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Personal space

Children with intellectual disability and/or autism spectrum disorder can sometimes have difficulty understanding how much space they should keep between themselves and other people.

Introduction

Children with intellectual disability and/or autism spectrum disorder can sometimes have difficulty understanding how much space they should keep between themselves and other people. This is commonly known as personal space.  

Some children might find respecting personal space difficult because they like to hug and touch other people to meet sensory needs or show affection. Some children may prefer to be physically distant from other people due to their sensory needs, which may be awkward in social situations.

It’s important to support your child to learn how to recognise and respect both their personal space and the personal space of others so that they can make and maintain healthy relationships and participate safely in the community.

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Personal space refers to the physical distance between two people, or how much space there is between them. When somebody is within our personal space, it can make us feel uncomfortable.

Different people prefer different levels of personal space, and it can vary between different situations and different relationships. For example, somebody might be comfortable standing very close to a stranger on a busy train, but not when they are at the shops. Or somebody might be comfortable standing close to their good friend but will stand further away from somebody they don’t know as well. This can make personal space difficult to teach to children who have difficulty interpreting social situations.

When starting to teach about personal space, a good rule of thumb is to use the length of your arms, as seen in this image.

This picture uses the cartoon’s arms as a clear boundary for their own space. The 1.5 metre rule of social distancing can also be a good guide for personal space.

You can also include personal space when teaching about consent to emphasise that your personal space is your own and nobody should enter it unless you say OK.

It is important to teach your child to recognise some clear signs of when they are standing too close in someone’s personal space. When a person’s space is being invaded they might:

  • step or lean back
  • cross their arms
  • look upset
  • turn away
  • leave the situation
  • ask you to go away

Your child might need help recognising these signs. You can support your child to learn by asking people to be clear and direct with your child when their space is being invaded. This will also help your child to learn verbal and non-verbal responses for when their space is being invaded.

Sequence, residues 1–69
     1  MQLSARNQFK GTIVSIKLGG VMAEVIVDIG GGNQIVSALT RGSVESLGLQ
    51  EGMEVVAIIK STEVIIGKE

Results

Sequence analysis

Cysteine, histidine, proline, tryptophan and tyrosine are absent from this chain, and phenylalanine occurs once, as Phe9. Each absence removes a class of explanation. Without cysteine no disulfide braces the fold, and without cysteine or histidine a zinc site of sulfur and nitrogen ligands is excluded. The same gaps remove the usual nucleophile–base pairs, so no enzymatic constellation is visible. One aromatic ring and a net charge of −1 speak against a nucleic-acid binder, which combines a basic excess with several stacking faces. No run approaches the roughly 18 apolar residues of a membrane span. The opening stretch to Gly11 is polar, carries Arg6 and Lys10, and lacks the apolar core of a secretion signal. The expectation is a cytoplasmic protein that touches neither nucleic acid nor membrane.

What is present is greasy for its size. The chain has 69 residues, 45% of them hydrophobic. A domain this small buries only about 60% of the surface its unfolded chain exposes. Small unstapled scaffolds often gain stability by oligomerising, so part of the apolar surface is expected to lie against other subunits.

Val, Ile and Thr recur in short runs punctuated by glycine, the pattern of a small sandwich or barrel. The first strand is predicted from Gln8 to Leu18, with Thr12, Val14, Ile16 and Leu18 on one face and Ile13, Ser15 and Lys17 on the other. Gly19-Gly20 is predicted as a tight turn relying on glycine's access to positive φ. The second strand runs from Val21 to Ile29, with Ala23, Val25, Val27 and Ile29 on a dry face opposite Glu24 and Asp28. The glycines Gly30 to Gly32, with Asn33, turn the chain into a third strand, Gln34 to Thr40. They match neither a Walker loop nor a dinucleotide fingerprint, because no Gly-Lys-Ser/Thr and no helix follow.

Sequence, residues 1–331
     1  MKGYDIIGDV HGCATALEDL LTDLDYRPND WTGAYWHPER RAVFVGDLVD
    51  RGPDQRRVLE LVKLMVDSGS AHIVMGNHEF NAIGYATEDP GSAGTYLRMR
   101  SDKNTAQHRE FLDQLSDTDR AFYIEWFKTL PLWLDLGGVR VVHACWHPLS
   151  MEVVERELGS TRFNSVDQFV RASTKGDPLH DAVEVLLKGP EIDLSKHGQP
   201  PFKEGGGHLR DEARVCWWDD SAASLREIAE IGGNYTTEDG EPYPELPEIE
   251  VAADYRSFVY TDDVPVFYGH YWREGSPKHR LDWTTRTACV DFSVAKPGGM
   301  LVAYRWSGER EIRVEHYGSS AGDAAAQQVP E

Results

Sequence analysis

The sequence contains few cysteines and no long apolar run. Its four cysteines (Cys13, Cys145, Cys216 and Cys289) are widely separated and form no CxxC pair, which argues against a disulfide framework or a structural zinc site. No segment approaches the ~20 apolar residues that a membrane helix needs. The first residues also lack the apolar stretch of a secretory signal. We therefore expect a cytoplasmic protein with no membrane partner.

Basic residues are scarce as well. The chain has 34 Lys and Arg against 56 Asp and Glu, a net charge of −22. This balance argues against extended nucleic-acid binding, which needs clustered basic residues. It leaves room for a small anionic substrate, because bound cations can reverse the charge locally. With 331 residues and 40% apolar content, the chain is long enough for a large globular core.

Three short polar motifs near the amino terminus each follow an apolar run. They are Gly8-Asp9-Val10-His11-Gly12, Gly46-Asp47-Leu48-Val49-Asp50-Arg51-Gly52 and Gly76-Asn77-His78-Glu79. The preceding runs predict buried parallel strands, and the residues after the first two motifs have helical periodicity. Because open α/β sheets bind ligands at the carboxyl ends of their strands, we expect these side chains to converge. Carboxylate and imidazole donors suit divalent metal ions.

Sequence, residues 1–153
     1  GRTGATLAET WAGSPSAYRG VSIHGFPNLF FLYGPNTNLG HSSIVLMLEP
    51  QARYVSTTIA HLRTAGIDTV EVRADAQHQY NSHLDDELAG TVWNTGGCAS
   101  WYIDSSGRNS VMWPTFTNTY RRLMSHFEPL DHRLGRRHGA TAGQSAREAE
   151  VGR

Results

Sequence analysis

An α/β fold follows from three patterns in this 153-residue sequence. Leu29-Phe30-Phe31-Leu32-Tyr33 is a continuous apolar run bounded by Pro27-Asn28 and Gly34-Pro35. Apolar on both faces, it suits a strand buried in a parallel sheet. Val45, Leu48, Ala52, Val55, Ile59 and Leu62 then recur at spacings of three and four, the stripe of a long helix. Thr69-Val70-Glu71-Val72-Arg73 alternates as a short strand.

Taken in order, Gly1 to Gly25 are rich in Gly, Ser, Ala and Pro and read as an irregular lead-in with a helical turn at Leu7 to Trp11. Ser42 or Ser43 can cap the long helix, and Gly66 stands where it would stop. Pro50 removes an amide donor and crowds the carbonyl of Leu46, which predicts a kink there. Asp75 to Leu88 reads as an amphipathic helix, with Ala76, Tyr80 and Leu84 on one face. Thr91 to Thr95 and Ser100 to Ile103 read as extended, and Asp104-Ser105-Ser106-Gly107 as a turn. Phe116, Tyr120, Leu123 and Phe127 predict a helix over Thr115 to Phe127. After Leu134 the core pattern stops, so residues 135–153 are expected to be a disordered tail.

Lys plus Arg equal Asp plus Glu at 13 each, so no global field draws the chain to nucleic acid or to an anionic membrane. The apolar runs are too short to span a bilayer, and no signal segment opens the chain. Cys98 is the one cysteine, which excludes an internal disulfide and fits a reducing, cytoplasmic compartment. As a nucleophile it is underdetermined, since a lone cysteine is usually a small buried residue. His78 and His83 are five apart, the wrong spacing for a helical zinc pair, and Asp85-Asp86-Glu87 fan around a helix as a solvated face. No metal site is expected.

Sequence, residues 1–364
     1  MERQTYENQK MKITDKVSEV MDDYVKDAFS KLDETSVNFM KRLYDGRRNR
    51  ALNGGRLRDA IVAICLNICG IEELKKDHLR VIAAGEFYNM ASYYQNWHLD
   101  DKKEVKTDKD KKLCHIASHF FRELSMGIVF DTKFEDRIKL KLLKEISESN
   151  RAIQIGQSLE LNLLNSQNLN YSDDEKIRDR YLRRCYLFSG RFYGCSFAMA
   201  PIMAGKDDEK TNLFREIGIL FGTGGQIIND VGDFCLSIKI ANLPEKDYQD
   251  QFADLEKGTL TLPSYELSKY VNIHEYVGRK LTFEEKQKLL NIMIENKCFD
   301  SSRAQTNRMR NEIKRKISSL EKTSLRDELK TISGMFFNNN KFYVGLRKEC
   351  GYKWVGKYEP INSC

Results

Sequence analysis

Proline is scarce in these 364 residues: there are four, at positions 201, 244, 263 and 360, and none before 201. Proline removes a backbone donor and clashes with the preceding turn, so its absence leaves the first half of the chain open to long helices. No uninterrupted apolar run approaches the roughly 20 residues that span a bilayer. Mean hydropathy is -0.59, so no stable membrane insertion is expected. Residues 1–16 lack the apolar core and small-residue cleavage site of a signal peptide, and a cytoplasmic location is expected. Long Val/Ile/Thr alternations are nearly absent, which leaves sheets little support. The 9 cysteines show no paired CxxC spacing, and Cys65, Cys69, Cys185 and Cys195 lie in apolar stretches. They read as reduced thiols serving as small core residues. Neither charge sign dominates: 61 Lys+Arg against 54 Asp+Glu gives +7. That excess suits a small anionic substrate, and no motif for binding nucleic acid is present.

Respecting personal space is important for healthy relationships and safe social interactions in the community.  This is because when someone moves into your personal space without your consent, you might feel stressed, overwhelmed or unsafe. Similarly, if you stand too close to someone without their consent, they might feel uncomfortable or upset.

Supporting your child to practice giving and receiving personal space as early as possible can give them a head start in developing skills around:

It is also important that children with intellectual disability and/or autism spectrum disorder are supported to recognise that social expectations about personal space can change as they grow up. For example, a small child who likes to stand very close to other people and hug them may be considered cute. However, once they grow into their adult body this is often no longer deemed acceptable and may make people uncomfortable.

Conversation Starters

You are standing too close to me; can you show me where your personal space is?
Can you show me how to measure personal space?
How does it make you feel when someone is too close?

Strategies for you to try

Model personal space for your child and verbalise your actions

You are well placed to show your child how they should respect other people’s personal space. Parents and carers need personal space too! If your child gets too close to you, you could say something like:

“You are standing a bit too close to me at the moment. I’m putting my arms up to show you how close you are. I’m going to take a step away so that we can both feel comfortable”

Measure personal space in a concrete way

If your child finds it difficult to know if they’re too close to somebody, ask them to hold their arms out to see if they are inside or outside the personal space bubble. You could also try equipment like a hula hoop or drawing a circle on the ground to create a visible boundary.

Use teachable moments

Is there a character on their favourite TV show or movie that gets into other people’s personal space? Use these clips to start a discussion with your child about what they think went wrong with an interaction. This is also a great way to see what your child currently understands about social boundaries.

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